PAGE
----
Online edition of India's National Newspaper
Tuesday, Jul 06, 2010
ePaper | Mobile/PDA Version
Google



International
News: ePaper | Front Page | National | Tamil Nadu | Andhra Pradesh | Karnataka | Kerala | New Delhi | Other States | International | Opinion | Business | Sport | Miscellaneous | Engagements |
Advts:
Retail Plus | Classifieds | Jobs | Obituary |

International Printer Friendly Page   Send this Article to a Friend

Major shake-up of U.K. voting system planned

Hasan Suroor


Plan to drop first-past-the-post system

Voters will have to rank candidates by preference


LONDON: The British government on Monday announced controversial plans for a major shake-up of the country's electoral system that could see the traditional first-past-the-post elections replaced by proportional voting if people say “yes” to the proposed change in a referendum to be called next year.

Reducing House's size

Other proposals include reducing the size of the House of Commons from 650 to 600, redrawing parliamentary constituencies to “equalise” their size, and a fixed five-year term taking away the traditional power of the Prime Minister to decide when to call a general election.

Announcing the plans in the Commons, the Liberal Democrat leader and Deputy Prime Minister Nick Clegg described them as a “hugely significant'' package of reforms that, he claimed, would see power shift from the executive to legislature and make the Commons more representative of the people.

“We've a fractured democracy today,” he said pointing out that because of the variations in the size of constituencies people were not equally represented and the first-past-the-post system was unfair to smaller parties.

The most contentious is the move to switch from the current voting system to Alternative Voting (AV) which would require voters to rank candidates in order of preference. A candidate getting more than 50 per cent in the first round would be elected. If no one gets more than 50 per cent in the first round, the candidate with the fewest votes is eliminated and voters' second choices are allocated to those remaining. The process would continue until a winner emerges.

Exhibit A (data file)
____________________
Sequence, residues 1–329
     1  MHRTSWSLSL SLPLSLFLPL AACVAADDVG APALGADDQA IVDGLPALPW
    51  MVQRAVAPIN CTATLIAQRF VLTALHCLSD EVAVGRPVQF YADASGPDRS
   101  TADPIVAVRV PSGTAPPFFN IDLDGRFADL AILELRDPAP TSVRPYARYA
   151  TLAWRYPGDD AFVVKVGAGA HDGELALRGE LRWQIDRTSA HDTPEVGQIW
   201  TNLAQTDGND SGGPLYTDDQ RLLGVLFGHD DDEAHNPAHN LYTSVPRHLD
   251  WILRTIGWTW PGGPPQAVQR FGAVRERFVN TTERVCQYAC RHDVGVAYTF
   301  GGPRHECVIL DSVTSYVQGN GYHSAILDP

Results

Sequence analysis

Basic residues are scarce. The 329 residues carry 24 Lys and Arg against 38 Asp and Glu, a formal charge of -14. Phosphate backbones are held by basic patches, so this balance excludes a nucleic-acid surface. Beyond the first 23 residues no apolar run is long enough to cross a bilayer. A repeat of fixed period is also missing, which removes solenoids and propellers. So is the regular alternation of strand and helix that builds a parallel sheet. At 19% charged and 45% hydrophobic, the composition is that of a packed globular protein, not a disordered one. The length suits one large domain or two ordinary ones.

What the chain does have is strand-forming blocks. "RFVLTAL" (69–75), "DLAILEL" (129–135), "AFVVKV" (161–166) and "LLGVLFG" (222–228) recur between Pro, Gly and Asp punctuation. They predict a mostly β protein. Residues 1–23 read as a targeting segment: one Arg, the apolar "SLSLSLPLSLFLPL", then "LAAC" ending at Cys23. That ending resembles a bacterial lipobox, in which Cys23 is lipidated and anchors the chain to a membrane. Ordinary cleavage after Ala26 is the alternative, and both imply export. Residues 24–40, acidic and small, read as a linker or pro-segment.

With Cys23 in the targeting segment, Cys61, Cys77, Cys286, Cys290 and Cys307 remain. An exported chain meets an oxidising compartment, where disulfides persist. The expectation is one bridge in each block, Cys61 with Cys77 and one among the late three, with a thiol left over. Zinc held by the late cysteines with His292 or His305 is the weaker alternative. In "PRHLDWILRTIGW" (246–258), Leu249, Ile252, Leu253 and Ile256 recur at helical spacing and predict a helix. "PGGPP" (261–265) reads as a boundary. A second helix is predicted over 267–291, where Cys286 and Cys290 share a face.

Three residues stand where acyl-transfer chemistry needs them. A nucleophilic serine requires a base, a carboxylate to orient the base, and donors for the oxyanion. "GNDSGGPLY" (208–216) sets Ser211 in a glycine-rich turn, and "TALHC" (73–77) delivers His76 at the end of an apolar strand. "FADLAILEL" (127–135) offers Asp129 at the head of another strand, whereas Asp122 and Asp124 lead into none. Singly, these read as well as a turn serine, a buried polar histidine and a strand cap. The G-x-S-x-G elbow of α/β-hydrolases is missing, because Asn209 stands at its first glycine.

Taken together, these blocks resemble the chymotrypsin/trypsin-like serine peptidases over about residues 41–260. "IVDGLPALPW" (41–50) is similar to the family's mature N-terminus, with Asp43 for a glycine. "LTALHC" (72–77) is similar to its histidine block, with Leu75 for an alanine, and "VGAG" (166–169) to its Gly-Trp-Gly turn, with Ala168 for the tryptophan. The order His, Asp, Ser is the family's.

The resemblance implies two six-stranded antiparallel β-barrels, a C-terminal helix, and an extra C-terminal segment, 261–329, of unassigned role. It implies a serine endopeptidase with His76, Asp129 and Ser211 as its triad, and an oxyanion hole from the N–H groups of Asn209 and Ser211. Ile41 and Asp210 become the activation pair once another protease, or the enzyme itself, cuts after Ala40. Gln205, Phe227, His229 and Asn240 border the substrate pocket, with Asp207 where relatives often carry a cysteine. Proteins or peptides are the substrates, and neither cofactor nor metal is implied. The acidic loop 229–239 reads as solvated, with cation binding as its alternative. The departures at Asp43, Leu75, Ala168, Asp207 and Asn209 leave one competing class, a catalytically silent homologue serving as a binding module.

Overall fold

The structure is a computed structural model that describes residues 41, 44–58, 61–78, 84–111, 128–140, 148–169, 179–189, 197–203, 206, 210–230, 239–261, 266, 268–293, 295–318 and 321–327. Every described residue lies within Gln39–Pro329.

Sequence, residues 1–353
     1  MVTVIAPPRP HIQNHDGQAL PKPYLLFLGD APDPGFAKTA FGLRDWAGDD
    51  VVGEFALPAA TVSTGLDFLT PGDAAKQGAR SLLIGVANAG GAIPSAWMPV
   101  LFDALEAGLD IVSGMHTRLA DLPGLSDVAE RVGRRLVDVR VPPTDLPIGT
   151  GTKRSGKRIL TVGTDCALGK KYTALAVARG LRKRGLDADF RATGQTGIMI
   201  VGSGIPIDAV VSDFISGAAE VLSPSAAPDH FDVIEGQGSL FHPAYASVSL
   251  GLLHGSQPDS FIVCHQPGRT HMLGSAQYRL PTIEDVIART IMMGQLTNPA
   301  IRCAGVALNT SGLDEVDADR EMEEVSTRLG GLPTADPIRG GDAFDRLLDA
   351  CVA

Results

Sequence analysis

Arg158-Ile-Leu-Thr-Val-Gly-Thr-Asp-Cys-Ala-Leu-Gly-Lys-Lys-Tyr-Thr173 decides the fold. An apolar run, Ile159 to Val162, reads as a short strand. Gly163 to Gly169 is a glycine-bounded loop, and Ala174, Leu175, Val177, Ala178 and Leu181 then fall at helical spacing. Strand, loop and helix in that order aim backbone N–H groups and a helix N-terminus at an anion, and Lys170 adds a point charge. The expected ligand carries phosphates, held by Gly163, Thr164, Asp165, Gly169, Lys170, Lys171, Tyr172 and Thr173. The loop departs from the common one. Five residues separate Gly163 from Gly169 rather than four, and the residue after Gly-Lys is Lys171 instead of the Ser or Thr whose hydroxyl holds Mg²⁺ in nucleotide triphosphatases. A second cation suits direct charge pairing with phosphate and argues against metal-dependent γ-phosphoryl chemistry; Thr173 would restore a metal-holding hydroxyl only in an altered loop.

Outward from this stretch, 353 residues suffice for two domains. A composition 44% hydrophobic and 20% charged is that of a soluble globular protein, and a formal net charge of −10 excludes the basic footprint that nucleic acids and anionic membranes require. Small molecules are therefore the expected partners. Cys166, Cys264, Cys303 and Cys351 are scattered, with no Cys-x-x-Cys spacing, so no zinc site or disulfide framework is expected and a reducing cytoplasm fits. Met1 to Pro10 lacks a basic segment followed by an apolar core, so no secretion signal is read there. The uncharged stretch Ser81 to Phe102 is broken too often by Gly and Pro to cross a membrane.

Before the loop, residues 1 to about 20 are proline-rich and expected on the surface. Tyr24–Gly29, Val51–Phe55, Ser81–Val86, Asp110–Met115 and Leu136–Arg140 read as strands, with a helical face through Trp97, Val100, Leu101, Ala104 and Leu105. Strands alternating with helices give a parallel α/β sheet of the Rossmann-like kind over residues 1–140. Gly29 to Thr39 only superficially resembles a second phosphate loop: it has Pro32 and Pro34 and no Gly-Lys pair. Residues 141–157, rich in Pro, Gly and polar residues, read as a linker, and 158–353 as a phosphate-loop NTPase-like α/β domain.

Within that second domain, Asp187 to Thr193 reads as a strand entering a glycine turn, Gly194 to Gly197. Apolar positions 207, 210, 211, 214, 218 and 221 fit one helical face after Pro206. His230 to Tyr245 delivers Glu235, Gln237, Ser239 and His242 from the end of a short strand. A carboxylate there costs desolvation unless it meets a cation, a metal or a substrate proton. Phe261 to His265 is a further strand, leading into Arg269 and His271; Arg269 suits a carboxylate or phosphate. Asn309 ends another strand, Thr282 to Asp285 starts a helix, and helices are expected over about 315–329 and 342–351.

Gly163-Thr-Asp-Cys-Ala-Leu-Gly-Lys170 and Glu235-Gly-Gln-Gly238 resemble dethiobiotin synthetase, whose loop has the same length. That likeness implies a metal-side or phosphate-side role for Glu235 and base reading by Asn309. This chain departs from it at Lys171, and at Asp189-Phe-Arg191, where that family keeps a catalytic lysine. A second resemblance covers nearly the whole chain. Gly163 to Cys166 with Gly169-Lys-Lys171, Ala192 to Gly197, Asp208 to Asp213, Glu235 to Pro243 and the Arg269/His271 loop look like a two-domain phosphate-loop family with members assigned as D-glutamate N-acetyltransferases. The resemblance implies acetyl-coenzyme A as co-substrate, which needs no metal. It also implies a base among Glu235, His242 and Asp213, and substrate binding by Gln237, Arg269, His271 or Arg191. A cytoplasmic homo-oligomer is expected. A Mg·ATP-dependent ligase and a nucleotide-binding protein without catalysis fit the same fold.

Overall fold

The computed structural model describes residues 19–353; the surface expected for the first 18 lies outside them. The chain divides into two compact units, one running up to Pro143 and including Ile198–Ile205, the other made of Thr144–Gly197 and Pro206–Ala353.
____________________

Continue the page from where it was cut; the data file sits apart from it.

Conservatives opposed

The Conservatives are opposed to the plan and Prime Minister David Cameron has said that his party would ask people to vote against it when a reference is held on May 5, 2011 setting the scene for tensions within the Conservative-Lib Dem coalition.

Labour broadly supports the idea but has questioned the date of the referendum which will clash with the elections to the devolved legislatures in Scotland, Wales and Northern Ireland and local elections in England.

Printer friendly page  
Send this article to Friends by E-Mail



International

News: ePaper | Front Page | National | Tamil Nadu | Andhra Pradesh | Karnataka | Kerala | New Delhi | Other States | International | Opinion | Business | Sport | Miscellaneous | Engagements |
Advts:
Retail Plus | Classifieds | Jobs | Obituary | Updates: Breaking News |

FIFA World Cup Chandraayan I


News Update



The Hindu Group: Home | About Us | Copyright | Archives | Contacts | Subscription
Group Sites: The Hindu | The Hindu ePaper | Business Line | Business Line ePaper | Sportstar | Frontline | Publications | eBooks | Images | Ergo | Home |

Copyright 2010, The Hindu. Republication or redissemination of the contents of this screen are expressly prohibited without the written consent of The Hindu